Hi Cathy. I was badly abused as a child and went off the rails but have finally sorted myself out. I have a loving partner and two small children who are two years and four months. My problem is I’m worried I won’t be able to protect them. I trust very few people, and I also let my two year old get away with a lot of things. I don’t like anyone telling him off and I tend to give into him very easily .He isn’t a bad child but when he is naughty I find myself making excuses for him. I even argue with his dad if I think he has been too hard on him. I’m sure it’s because of the abuse I suffered which involved physical violence. Even though I know no one will ever do that to my children I still resent them telling him off. My other problem is I try and give my children everything I can. At Christmas I spent a lot on them even though my daughter was only about a month old. I have already started buying for their birthdays and Christmas as I want them to have all they can. I don’t like being away from them although my two year old does go to nursery twice a week but I really miss him. I guess what I want is some tips on how to find a balance. How can I show my son some of his behaviour is unacceptable without thinking of the past? And how can I stop myself from believing that material objects are what they need? Sincerely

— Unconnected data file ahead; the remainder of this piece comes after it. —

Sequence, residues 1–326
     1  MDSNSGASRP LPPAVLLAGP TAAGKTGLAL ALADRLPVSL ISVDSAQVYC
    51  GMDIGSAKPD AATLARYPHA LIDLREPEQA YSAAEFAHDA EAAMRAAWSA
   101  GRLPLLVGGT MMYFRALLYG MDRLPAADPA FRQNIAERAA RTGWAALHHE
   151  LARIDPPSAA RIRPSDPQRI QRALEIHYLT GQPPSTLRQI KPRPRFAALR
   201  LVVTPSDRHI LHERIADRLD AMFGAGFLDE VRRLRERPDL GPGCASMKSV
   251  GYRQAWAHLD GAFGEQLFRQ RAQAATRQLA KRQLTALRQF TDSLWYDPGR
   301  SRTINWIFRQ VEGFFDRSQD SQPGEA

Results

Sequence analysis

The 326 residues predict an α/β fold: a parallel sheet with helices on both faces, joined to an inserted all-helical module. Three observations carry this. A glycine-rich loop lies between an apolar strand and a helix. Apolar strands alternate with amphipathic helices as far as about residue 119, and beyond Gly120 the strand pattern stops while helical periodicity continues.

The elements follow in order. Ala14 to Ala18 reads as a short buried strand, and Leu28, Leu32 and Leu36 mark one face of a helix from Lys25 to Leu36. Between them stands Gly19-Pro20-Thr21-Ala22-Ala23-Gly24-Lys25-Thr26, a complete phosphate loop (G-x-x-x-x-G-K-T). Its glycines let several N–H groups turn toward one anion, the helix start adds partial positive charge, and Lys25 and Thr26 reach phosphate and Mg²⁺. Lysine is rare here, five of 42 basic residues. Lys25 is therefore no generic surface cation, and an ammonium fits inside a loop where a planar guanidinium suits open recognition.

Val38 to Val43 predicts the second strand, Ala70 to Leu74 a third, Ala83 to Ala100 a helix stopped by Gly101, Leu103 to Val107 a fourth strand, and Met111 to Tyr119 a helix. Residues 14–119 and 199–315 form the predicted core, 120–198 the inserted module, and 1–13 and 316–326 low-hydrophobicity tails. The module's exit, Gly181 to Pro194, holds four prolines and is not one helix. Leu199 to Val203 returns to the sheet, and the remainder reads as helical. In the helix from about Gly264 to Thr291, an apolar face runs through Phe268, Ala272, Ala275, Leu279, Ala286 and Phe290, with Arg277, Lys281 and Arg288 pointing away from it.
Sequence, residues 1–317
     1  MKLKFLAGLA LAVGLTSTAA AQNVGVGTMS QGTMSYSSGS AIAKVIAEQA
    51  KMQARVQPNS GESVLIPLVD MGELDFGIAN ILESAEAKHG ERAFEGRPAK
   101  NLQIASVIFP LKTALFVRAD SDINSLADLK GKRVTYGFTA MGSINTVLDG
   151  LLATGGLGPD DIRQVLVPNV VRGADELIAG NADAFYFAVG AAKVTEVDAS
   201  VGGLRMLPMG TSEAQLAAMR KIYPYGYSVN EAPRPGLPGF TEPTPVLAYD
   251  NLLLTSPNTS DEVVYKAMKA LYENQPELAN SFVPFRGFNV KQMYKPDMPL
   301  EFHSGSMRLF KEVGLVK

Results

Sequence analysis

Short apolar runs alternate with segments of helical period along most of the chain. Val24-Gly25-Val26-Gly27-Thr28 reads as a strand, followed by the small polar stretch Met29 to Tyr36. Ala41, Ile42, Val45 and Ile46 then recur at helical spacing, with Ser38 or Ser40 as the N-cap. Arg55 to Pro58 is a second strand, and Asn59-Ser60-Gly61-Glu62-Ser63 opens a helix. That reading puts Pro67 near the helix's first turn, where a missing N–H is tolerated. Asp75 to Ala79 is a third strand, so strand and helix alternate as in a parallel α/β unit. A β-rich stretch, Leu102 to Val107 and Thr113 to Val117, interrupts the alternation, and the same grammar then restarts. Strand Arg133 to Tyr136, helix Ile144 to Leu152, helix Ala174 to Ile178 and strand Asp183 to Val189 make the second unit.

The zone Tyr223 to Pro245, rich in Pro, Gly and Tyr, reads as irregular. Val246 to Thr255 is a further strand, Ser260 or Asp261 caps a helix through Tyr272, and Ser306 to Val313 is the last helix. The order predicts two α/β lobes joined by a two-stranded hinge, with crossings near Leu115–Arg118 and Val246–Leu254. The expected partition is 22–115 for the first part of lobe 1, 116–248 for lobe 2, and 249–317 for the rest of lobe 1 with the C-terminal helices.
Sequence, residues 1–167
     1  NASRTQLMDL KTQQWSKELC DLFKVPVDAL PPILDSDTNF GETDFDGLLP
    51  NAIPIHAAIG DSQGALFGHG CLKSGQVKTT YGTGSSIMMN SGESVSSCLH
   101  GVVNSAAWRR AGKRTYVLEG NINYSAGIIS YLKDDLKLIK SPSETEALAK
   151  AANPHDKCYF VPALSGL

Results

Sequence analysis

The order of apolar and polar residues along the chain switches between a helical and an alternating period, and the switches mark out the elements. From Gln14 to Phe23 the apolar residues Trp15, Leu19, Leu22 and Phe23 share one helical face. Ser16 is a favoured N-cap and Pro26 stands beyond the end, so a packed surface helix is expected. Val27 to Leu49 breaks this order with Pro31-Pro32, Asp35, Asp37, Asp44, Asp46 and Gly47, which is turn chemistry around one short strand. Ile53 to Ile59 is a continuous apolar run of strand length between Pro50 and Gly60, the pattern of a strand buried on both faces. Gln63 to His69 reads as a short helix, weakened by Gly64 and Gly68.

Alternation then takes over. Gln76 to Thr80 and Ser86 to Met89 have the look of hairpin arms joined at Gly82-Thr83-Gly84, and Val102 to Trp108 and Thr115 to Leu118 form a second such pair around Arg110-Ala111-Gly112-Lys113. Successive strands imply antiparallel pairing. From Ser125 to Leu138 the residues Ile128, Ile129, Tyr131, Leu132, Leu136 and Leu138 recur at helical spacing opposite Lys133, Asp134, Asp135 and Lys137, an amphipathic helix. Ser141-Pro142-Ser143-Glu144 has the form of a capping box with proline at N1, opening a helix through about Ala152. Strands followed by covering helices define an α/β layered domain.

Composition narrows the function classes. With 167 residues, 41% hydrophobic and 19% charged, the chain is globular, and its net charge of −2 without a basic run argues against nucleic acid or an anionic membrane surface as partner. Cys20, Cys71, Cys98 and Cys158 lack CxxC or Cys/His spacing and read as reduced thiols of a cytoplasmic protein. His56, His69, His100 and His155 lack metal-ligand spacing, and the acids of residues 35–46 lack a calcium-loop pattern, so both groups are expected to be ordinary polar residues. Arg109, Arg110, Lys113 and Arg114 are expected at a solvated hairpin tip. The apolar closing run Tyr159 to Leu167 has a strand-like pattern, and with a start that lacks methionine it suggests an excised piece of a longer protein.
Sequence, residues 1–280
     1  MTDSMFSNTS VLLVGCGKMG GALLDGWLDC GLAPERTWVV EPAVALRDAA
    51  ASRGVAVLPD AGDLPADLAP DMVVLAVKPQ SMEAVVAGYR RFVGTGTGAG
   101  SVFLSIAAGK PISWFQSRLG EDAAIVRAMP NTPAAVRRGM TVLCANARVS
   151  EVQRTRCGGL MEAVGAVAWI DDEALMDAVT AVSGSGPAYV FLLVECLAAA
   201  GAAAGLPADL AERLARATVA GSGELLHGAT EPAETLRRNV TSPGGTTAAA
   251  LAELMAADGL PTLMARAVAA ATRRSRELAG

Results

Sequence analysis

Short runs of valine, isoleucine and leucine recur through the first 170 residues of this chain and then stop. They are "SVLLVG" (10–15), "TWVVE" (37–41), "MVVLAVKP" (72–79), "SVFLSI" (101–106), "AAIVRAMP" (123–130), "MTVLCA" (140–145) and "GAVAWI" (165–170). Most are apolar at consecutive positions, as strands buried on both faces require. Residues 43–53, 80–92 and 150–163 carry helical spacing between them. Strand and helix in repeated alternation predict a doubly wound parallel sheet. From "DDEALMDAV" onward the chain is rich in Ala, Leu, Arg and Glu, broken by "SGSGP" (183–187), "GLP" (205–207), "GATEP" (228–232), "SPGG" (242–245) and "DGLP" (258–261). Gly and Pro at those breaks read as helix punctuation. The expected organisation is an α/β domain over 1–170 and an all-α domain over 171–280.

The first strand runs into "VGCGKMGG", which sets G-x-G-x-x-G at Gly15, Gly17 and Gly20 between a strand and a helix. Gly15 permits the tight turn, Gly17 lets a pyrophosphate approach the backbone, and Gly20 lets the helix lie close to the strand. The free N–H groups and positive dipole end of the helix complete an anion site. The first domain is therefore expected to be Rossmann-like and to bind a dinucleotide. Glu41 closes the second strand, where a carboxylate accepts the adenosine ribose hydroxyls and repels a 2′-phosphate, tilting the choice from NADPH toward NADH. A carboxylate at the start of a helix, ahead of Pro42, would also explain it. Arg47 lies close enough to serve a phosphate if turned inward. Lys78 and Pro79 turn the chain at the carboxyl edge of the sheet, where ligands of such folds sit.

Gemma x
CG: Dear Gemma. Thank you for sharing this with us. You already realise why you sometimes spoil your children and possibly over-compensate because of your suffering as a child. You also recognise it is about getting the right balance, but how difficult it is sometimes – for all us bringing up children. If you are too lenient it is because you want to keep your children well away from the abuse you suffered as a child. But please believe me when I say that setting boundaries for children is a world away from an abusive childhood. Boundaries are necessary to raise socially acceptable children, and they also show the child you care; that you love them enough to go to the trouble of making sure they stay safe and do the right thing. I would never condone smacking a child, and indeed foster carers are not allowed to smack. If a child is behaving badly, I first ask them to stop the unacceptable behaviour, and explain why. If they continue, I ask them again to stop, adding what will happen if they don’t. Sanctions should follow as soon as possible so don’t stop pocket money at the end of the week; it is better to stop television or play station time that evening. There is nothing wrong with missing your two year old when he goes to nursery; it shows you care. When my youngest started nursery aged 3, I cried every morning after I’d said goodbye. If you were saying you never let your child out of your sight I would say you are being-overprotective and need to seek advice. But that isn’t what you are saying and from your letter you come across as a very caring and loving mother who wants only what is best for her children. I think you have done incredibly well to come to terms with your past and I know your children will appreciate your care and sensitivity, even when you have to tell them off! I hope this is of some help. You really are doing a very good job of parenting. Cathy x